coronavirus

Andalusia wants to introduce Covid pass for nightlife venues

Southern Spanish region is now awaiting court authorization to start requiring proof of vaccination or a negative test to enter nightclubs and drinks bars

People wait in line outside a nightclub in Seville.
People wait in line outside a nightclub in Seville.Eduardo Briones / Europa Press

The regional government of Andalusia, in southern Spain, wants to require customers to provide proof of being coronavirus-free in order to access the inside of nightlife venues such as drinks bars and clubs. The decision was made on Monday and was due to go into effect on August 5, but on Tuesday the regional government backtracked and agreed to first ask the regional High Court for authorization, due to legal concerns over privacy issues and complaints from the nightlife business industry.

If the court greenlights the initiative, anyone wishing to enter a nightlife venue will have to present the EU Digital Covid Certificate or a negative coronavirus test result (either antigen or PCR). The decision does not affect bars and restaurants open during the day, despite the fact that regional premier Juan Manuel Moreno, of the Popular Party (PP), last week spoke in favor of it. Instead, only nightlife venues would be required to conduct door checks.

The pandemic has caused 1,027 nightlife venues to close down out of a total of 2,465, according to the industry association Andalucía de Noche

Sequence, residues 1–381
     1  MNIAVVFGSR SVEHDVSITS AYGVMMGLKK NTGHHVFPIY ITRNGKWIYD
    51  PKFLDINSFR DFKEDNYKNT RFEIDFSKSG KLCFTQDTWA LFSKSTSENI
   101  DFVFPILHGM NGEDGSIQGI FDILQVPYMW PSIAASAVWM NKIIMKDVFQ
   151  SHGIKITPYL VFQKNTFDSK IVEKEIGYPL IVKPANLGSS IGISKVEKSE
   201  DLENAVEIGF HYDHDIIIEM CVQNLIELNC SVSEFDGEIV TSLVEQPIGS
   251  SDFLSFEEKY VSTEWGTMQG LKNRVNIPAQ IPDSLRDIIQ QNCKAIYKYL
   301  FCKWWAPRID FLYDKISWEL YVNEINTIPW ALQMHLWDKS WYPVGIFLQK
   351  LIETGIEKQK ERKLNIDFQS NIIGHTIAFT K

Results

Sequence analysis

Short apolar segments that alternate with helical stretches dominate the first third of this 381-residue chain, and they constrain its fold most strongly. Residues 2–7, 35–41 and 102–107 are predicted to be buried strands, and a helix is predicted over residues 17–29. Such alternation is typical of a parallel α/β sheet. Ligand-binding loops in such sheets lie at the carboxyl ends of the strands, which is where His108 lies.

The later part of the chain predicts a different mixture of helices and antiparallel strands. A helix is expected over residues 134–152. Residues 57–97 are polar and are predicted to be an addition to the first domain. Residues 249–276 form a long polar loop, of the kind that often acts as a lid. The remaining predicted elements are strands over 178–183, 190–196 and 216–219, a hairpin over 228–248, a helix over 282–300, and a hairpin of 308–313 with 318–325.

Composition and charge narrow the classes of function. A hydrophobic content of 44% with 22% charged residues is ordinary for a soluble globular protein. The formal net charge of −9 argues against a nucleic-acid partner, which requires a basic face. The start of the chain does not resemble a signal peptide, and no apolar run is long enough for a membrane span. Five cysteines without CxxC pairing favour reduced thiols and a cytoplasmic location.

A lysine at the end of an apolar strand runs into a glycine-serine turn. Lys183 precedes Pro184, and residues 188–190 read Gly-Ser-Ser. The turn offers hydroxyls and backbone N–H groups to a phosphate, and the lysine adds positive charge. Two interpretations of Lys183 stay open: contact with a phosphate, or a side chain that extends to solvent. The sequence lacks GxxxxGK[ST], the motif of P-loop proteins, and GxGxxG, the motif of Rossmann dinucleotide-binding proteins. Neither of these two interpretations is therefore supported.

Andalusia joins other regions of Spain that have either introduced the measure, or are trying to. In the Canary Islands, the regional High Court has provisionally suspended a similar move requiring proof of being infection-free to access leisure activities, citing privacy concerns. In the northwestern region of Galicia, however, this proof is already required at bars and restaurants. Last week, Health Minister Carolina Darias noted that the EU health pass, issued by individual countries, was made for travel across European borders, not for other uses.

The Andalusian government’s decision was made after a meeting of the expert committee that is advising the regional government. “The incidence among the younger population remains very high due to the impact of the delta variant, and among 20-29-year-olds it is triple the Andalusian average,” said the regional health chief, Jesús Aguirre. Andalusia has begun calling the over-16s for vaccine appointments. A total of 58.1% of the 20-29 age group have received their first dose, a figure that falls to 10.8% for the 12-19 population.

Industry leaders said that this new restriction must be offset with more capacity and longer opening hours. “If we don’t get compensated, we will appeal,” said Juan Ramblas, president of Andalucía de Noche, a regional federation of nightlife businesses. Ramblas said the industry was already willing to require customers to show a Covid certificate or a negative antigen test, but only as long as they are allowed to go back to their usual opening hours – currently, venues must close at 2am – and increase their indoor capacity.

“We are surprised, especially because for at least three weeks nobody will be able to come, since they won’t have had their second [vaccine] dose yet, which means our establishments will empty out again,” he said. Ramblas underscored that his sector was hard hit by the pandemic as venues remained completely closed until Spain lifted an emergency state on May 9. According to this industry group, the pandemic has caused 1,027 nightlife venues to close down out of a total of 2,465. Average losses per venue range between €250,000 and €400,000.

English version by Susana Urra.

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